These Journalists Will Moderate The Presidential Debates

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Kerry Picket Political Reporter
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The Commission on Presidential Debates announced Friday the 2016 presidential debate moderators.

NBC’s Lester Holt will moderate the first debate at Hofstra University on Sept. 26.

CNN’s Anderson Cooper and ABC’s Martha Raddatz will moderate the second debate in St. Louis, and Fox News Sunday host Chris Wallace will moderate the final debate in Las Vegas. The vice presidential debate moderator is Elaine Quijano of CBS News. The vice presidential debate is scheduled for Oct. 4 in Farmville, Va.

Libertarian candidate Gary Johnson and Green Party candidate Jill Stein are trying to earn enough support in the polls to join Trump and Clinton on stage.

Wallace responded to being named as a moderator Friday morning on Fox News Channel’s America’s Newsroom.

“I am very excited to have the opportunity. Personally, I’m excited. I’m also excited because I will be the first FOX reporter to ever moderate a presidential debate so I think that’s quite a statement for our news organization. How’d it come about? Well, they knew I was interested,” Wallace said.

“You kind of put the word out there to the debate commission, but you can’t lobby for it. You can’t do anything. They end up deciding it. There’s a really blue ribbon commission that the co-chairs of the commission are Frank J. Fahrenkopf, who is a former Republican National Committee chair, and Mike McCurry, former press secretary for Bill Clinton, and yesterday they called me up and they gave me the formal invitation, ‘Would you accept?’ and I said I would be honored and proud to accept.”

Both major party candidates posed issues to the commission. Republican presidential nominee Donald Trump is known for his attacks against debate moderators who he believes may be unfair to him and Hillary Clinton has cultured tight relationships with many high-profile journalists and anchors over the years, some of whom have connections to the Clinton Foundation.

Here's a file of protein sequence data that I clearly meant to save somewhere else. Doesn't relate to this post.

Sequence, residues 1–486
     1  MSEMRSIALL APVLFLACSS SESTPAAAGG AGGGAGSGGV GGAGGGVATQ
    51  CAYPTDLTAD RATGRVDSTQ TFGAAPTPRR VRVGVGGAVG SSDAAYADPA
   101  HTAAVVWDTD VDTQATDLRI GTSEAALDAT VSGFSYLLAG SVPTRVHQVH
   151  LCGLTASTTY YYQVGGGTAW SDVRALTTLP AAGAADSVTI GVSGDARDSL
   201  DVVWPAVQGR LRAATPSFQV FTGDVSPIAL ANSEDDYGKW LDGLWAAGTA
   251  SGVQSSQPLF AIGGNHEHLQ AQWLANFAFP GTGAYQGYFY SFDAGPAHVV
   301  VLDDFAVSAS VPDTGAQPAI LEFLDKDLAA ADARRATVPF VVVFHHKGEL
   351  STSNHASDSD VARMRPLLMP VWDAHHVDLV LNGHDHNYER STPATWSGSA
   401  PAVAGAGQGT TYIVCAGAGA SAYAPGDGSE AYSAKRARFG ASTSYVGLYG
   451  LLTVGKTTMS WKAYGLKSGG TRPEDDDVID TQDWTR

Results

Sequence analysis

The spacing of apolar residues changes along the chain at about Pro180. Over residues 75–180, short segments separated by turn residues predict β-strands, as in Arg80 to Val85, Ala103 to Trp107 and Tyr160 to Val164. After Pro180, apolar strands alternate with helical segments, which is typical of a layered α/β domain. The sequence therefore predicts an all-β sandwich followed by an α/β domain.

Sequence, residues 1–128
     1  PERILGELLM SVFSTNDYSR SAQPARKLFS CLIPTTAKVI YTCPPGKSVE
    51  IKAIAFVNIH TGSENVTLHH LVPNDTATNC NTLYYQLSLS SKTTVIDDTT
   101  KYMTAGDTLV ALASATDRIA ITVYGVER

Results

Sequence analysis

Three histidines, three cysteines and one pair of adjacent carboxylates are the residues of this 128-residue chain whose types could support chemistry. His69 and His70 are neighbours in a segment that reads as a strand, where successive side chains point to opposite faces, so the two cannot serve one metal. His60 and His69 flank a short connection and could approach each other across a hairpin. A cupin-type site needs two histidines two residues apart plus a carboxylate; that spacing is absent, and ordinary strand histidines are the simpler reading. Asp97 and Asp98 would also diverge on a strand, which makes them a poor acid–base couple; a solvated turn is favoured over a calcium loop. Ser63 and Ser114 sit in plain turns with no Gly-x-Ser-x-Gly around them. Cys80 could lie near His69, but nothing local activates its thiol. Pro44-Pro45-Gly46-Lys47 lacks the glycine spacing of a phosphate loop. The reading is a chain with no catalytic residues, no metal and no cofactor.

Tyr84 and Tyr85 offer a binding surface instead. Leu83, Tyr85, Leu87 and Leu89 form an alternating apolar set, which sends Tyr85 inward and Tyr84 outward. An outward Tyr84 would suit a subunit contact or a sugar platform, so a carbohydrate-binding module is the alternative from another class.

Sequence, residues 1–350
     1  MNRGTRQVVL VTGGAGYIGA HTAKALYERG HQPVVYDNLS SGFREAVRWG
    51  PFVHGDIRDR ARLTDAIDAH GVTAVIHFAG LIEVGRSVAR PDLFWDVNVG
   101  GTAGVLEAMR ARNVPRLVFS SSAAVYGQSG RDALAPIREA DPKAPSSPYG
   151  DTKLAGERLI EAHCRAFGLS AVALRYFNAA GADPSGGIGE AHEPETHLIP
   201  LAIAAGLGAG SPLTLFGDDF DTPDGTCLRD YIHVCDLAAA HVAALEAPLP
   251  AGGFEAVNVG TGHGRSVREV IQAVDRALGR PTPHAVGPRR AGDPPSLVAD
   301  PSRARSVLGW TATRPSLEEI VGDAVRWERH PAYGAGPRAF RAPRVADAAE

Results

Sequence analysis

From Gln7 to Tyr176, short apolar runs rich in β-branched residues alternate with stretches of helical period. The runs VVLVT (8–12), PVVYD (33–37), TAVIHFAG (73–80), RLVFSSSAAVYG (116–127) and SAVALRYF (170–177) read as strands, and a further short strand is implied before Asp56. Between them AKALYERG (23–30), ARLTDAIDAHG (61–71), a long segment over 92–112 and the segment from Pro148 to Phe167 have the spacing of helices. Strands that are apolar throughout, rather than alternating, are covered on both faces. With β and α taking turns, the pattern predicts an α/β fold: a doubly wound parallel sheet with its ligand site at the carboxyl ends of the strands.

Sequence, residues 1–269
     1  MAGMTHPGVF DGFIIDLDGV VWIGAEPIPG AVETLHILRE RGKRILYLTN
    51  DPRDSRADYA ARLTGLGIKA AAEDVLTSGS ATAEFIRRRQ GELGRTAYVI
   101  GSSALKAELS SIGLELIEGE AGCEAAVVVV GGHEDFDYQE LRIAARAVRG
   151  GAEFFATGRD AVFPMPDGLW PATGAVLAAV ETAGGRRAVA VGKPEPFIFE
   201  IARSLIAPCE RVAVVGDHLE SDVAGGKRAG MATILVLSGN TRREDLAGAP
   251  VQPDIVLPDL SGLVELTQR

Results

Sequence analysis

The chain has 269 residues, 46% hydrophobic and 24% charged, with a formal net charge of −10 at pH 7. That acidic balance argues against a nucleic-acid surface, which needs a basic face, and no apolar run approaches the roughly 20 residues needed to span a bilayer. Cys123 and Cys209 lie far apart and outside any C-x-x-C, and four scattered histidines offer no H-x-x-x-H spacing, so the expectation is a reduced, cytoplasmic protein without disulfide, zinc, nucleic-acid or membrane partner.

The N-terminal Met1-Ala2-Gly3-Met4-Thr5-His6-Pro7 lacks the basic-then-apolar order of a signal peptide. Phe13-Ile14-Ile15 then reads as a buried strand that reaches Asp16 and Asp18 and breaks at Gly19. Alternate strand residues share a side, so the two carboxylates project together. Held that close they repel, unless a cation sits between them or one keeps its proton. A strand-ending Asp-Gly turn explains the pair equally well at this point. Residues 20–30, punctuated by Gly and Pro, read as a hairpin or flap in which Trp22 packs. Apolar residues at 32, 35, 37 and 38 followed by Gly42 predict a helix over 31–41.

“These journalists bring extensive experience to the job of moderating, and understand the importance of using expanded time periods effectively,” commission members Frank Fahrenkopf and Mike McCurry said of the moderators. “The formats chosen for this year’s debates are designed to build on the formats introduced in 2012, which focused big blocks of time on major domestic and foreign topics. We are grateful for their willingness to moderate, and confident that the public will learn more about the candidates and the issues as a result.”

The commission is a nonprofit, nonpartisan corporation that organizes and sponsors the presidential debates.

Past debate moderator Candy Crowley found herself accused of bias against 2012 GOP presidential candidate Mitt Romney, during a back and forth about the terrorist attack in Benghazi.

Romney later said of the incident: “Well, I don’t think it’s the role of the moderator in a debate to insert themselves into the debate and to declare a winner or a loser on a particular point. And I must admit that at that stage, I was getting a little upset at Candy, because in a prior setting where I was to have had the last word, she decided that Barack Obama was to get the last word despite the rules that we had.”

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